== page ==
Karan Thapar: So you see the Maoists as victims?

Arundhati Roy: I see the people as victims of something. If you look at the ideology of the Maoists, they don’t think of themselves as victims. But that ideology is getting purchased among people, in the popular imagination because of the incredible injustice that is being perpetrated by the Indian State.

Karan Thapar: In short, the fault is almost entirely on the government’s side?

Arundhati Roy: It is.

Karan Thapar: You say that boldly and bluntly?

Arundhati Roy: Absolutely.

Karan Thapar: I want very much to talk about the prospects of talks but first, let me ask you about Azad. In May, it emerged that the home minister had asked Swami Agnivesh to facilitate talks with the Maoist leadership, and in turn he established contacts with the Maoists leader Azad. But in July, in an unexplained police encounter, Azad suddenly died. Do you believe that was a deliberate ploy to bring Azad into the open and then murder him?

Arundhati Roy: Yes I do.

Karan Thapar: You really mean that? The government laid a trap to murder Azad?

Arundhati Roy: That’s what, from all the facts that are emerging, that’s what it seems to point to.

Karan Thapar: Why did they do this? Why would they kill the one man with whom they have rational expectations of talks?

Arundhati Roy: I have been saying this for few months now that you have to understand that the government needs this war. It needs this war to clear the land, to hand over, to actualise these MoUs that have been signed. If you read the business papers, they are very clear about that.

Karan Thapar: If the government wants war, how do you interpret the government’s attempt to have talks? One is contradictory to the other.

Arundhati Roy: Yeah. It needs the war but it needs to keep this smiling benign mask of democracy. So, it offers talks on the one hand and undermines it on the other.

Karan Thapar: But even if you accept this strange theory that the government is Janus-faced, two-faced, why would it destroy that mask by killing Azad? Why would it destroy itself?

Arundhati Roy: Because if you look at what was happening, Azad was beginning to sound dangerously reasonable.

Karan Thapar: To whom?

Arundhati Roy: To all of us.

Karan Thapar: On the basis of one interview to The Hindu, you have come to the conclusion about Azad sounding reasonable?

Arundhati Roy: Come on Karan, we all know about Azad. He has been around for years. He has written a lot.

Karan Thapar: You may but people surely don’t. To them, Azad is a mystery.

Arundhati Roy: No, not at all. For example, the piece that he wrote in Outlook, it was published after his death but it was sent around before.

Karan Thapar: But even if one accepts your theory that the government killed Azad because he was beginning to sound and look reasonable, that would only have made him a credible interlocutor and fit in better into their mask. Surely, that in a sense makes it even more ridiculously contradictory to kill him.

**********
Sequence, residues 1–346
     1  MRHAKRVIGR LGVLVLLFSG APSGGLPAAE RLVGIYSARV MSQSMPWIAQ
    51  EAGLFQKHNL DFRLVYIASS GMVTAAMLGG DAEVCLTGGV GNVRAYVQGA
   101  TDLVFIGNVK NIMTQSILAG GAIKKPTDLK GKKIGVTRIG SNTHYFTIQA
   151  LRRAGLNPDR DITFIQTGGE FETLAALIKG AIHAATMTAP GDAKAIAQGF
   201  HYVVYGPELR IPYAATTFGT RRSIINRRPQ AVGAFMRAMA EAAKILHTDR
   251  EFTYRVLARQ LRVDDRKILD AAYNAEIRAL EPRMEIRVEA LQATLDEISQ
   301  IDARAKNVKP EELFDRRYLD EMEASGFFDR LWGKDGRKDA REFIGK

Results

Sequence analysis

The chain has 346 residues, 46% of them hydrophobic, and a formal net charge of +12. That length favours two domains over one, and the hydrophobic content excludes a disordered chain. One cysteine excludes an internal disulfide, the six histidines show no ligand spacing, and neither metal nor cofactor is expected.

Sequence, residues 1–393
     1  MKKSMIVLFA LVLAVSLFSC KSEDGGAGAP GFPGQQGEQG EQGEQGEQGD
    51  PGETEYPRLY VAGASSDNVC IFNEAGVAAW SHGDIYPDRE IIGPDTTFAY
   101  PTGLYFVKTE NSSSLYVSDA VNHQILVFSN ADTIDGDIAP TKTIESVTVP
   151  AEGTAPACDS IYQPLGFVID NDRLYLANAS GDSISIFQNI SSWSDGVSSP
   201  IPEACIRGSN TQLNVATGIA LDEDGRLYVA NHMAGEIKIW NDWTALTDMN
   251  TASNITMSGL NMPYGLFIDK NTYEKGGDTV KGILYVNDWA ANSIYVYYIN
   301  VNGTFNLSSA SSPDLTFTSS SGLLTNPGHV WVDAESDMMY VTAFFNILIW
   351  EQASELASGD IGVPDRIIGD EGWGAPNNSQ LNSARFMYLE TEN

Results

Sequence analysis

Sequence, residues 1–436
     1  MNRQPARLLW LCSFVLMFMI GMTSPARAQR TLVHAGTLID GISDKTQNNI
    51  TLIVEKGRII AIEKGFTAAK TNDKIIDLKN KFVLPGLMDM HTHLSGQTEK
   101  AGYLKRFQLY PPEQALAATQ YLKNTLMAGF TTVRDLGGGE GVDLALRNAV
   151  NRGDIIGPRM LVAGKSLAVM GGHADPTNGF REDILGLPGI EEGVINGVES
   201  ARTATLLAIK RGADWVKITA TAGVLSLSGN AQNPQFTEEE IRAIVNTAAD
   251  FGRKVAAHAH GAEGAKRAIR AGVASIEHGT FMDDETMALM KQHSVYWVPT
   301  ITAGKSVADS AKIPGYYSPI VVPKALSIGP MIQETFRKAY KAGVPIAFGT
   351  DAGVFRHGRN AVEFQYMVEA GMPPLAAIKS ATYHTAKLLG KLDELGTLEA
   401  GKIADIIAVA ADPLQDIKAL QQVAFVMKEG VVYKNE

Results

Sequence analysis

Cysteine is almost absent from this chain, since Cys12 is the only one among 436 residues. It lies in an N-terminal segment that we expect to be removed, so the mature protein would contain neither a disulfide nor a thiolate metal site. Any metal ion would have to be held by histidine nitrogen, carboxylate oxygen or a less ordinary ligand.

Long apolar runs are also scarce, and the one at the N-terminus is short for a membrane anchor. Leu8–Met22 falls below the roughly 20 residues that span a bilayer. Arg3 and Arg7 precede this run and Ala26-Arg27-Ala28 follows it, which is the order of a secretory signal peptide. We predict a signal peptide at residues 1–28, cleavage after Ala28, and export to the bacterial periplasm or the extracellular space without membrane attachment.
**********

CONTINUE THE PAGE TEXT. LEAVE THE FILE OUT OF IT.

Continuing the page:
Arundhati Roy: Why would it be. Let’s say there are two sides at war, there are more than two but everyone wants to make it binary so, for the sake of argument, accept it. When one side sends an envoy and the other side kills them, what does it mean? That one side does not want peace. That’s what it means. That’s a reasonable assumption.

Karan Thapar: So this is a duplicitous government?

Arundhati Roy: Absolutely.

Karan Thapar: In which case, let me come to the critical issue which I want to discuss. What are the prospects of talks? The government has repeatedly said that it would be willing to talk provided the Maoists abjure violence, not even asking the Maoists to lay down arms, and many people believe that that’s a reasonable and perhaps, even a generous offer. How do you view the government’s position on talks?

Arundhati Roy: I think that if you were to go down to those forests and see what’s going on, when you have these two hundred thousand paramilitaries patrolling the tribal villages, the cordon and search operations are on, the killings are on, the siege is on, what do you mean to abjure violence? If you say that there should be a ceasefire, mutual ceasefire, which is I think the most reasonable thing, then we can be talking. But if you say you should abjure violence, what does that mean?

Karan Thapar: So one sided abjuring of violence is not what you think will be acceptable, but a mutual ceasefire on both sides?

Arundhati Roy: I think it’s absolutely urgent that there should be a ceasefire on both sides.

Karan Thapar: Simultaneous?

Arundhati Roy: Yes. The government reports have said that these MoUs should be re-examined. Chidambaram himself promised in an interview that he would freeze them. Why doesn’t he do that?

Karan Thapar: He is probably waiting for a sign from the Maoists that they will respond. He doesn’t want to do it unilaterally.

Arundhati Roy: They responded in writing now; Azad responded in writing.